Gas tax hike: Economic boon or regressive levy?
CONCORD -- A proposed 12 cent-a-gallon gasoline tax hike is a long-shot in the state Senate but that outlook did not stop supporters from trying to change minds during a key committee hearing Tuesday.
House bill 617, which passed the House 206-158 in late March, would increase the state’s gasoline tax from 18 to 30 cents a gallon over three years and the tax on diesel fuel by the same amount over a six-year period.
Chief sponsor Rep. David Campbell, D-Nashua, told the Senate Ways and Means Committee the gasoline tax has not been raised since 1991, roads and bridges in the state are deteriorating and completion of the Interstate 93 project from Salem to Manchester is “$250 million short” in funding.
“Without additional revenue from somewhere, that project cannot and will not be finished,” said Campbell.
Overall, he said, “We have an infrastructure crisis” and while tolls keep the turnpike system is self-sufficient, the highway, local road and bridge system has become a deterrence to economic growth. Revenue, through the gas tax, has stagnated, Campbell said, while infrastructure construction costs have grown by about 60 percent between 2005 and 2009.
Bridges“are the biggest ticking time bomb in the whole infrastructure,” said Campbell, with 140 of the 2,143 of the state’s bridges “red-listed,” meaning their structural integrity may be compromised.
While lawmakers dominated the list of supporters who appeared Tuesday, truckers, foresters and independent grocers lined up against the bill.
Kevin Murray, director of transportation for the Associated Grocers of New England cooperative, warned, “The effects of this tax will be felt throughout the New Hampshire business community” and will cost independent grocers in New Hampshire about $30,000 in extra fuel costs.
“If we pass it on,” he said, “food costs will rise, or we will have to make it up elsewhere. This is not the time or a tax increase.”
Commissioner of Transportation Chris Clement said the red-list bridge total will grow to 175 by 2016 with the current revenue stream unchanged.
In addition, he said, there are 353 red-listed municipal bridges, requiring more than $80 million, to address.
Campbell presented state DOT estimates that the tax hike would raise $816 million over 10 years, and of that, $183 million would go to municipalities through block grant aid and state bridge and highway aid programs.
He said that when the gasoline tax was raised to 18 cents 22 years ago, it was 16 percent of the average price of a gallon of gasoline, which was $1.13. Now, said Campbell, it is only 5 percent of the $3.60 average price of a gallon in the United States.
And under the current bill, he said, “every penny” of the increase “goes to roads and bridges.” An earlier version that diverted about 20 percent of the revenue to non-highway uses was changed by the House before passage.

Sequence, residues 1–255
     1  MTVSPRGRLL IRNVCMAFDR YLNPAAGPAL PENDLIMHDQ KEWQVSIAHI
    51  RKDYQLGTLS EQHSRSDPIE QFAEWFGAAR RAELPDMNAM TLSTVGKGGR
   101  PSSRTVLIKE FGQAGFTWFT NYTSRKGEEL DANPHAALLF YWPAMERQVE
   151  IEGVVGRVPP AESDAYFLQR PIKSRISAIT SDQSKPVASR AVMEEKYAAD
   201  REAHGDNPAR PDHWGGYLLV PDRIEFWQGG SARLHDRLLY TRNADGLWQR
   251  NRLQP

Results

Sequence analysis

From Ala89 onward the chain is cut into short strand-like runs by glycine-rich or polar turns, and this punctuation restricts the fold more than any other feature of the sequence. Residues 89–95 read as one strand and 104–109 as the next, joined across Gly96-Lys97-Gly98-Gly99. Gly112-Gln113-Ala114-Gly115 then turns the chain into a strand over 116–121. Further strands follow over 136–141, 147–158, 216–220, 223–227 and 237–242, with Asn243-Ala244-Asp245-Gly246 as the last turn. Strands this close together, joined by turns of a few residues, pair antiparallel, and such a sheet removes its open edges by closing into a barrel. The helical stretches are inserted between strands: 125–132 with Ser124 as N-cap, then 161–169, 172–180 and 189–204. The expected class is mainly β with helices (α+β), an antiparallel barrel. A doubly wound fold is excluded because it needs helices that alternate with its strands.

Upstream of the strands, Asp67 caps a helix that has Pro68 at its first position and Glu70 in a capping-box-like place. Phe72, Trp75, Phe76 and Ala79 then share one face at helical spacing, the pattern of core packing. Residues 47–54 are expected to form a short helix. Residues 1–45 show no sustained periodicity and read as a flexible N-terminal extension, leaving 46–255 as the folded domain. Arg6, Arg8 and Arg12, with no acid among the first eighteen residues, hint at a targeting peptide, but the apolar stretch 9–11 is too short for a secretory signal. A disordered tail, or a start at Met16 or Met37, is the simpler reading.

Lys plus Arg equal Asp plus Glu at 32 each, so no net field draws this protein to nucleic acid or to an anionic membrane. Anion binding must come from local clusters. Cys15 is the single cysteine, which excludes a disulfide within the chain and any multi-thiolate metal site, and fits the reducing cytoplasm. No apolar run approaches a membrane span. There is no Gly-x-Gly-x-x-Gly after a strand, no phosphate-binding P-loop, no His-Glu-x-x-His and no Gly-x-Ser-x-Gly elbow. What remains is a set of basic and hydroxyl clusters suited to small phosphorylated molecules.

“People say, ‘I can take a modest increase in the gas tax as long as I know it’s all going to go to roads and bridges,’” Campbell said.
A cosponsor, Sen. David Pierce, D-Hanover, said a gas tax hike would “enhance New Hampshire’s reputation to be business friendly.
“This bill,” he said, “is a test of our decision of whether to make life better for our constituents,” adding, “Our municipalities are screaming for this aid.”
“New Hampshire’s infrastructure is its game board,” said Rep. Patricia Lovejoy, D-Stratham. “No game board, no game.”
Several House lawmakers said they support both the gas tax hike and casino gambling, which has passed the Senate and faces a difficult road in the House, where it is expected to be voted on later this month.
Two sponsors of the gambling bill, Sens. Lou D’Allesandro, D-Manchester, and Chuck Morse, R-Salem, sit on the Ways and Means Committee. That bill would send a portion of casino gambling revenue, about $50 million annually, to repair the state’s roads and bridges. Gas tax hike supporters said more is needed.
D’Allesandro said after the hearing the “deterioration of the roads and bridges are quite clear,” but raising the gas tax to address the issue “is a very tough sell at this point” in the Senate.
“But, he said, “we have to do something.”
Several gas tax hike opponents also favored gambling as an alternative.
They included Brian Lewis, vice president at New Hampshire Distributors, a Concord trucking firm.
Lewis said his company operates 23 tandem axle straight trucks and six tractor trailers, and also has 55 gas vehicles that use 75,000 gallons of gasoline per year.
He said that despite efforts to improve efficiency, the company’s diesel fuel costs have gone from $299,000 in 2010 to $410,000 in 2012.
“This fuel tax (hike) would cost New Hampshire Distributors $60,000 when implemented over 6 years,” Lewis said.
Commissioner Clement said when the Interstate 93 widening project was begun in the 1980s, its estimated cost was $40 million. Now, with a $250 million pricetag remaining, he said the gas tax hike “would pay the bond of $22 million a year for Interstate 93.”
Opposing the proposed hike was anti-tax activist Tom Thomson, honorary chairman of the Americans for Prosperity-New Hampshire advocacy group and owner of Thomson Timber Harvesting and Trucking.
Appearing with his 9-year-old grandson, Jaden, Tom Thomson said that if the state holds steady with its 18 cents-a-gallon tax, surrounding states will have 8 to 12 cents-a-gallon higher gas taxes, and the “New Hampshire advantage” will continue.
Bruce Bellegarde of Crowley Transportation Services of Ludlow, Mass., said the tax hike would also hurt his business and drivers.
“I find the tax to be regressive, especially for people of lower income and people living in a rural area,” said Robert Berti, a former Rumney selectman who owns Foreco Forest Resources Consultants.
“They tend to drive more and the money they have to spend tends to be less,” he said.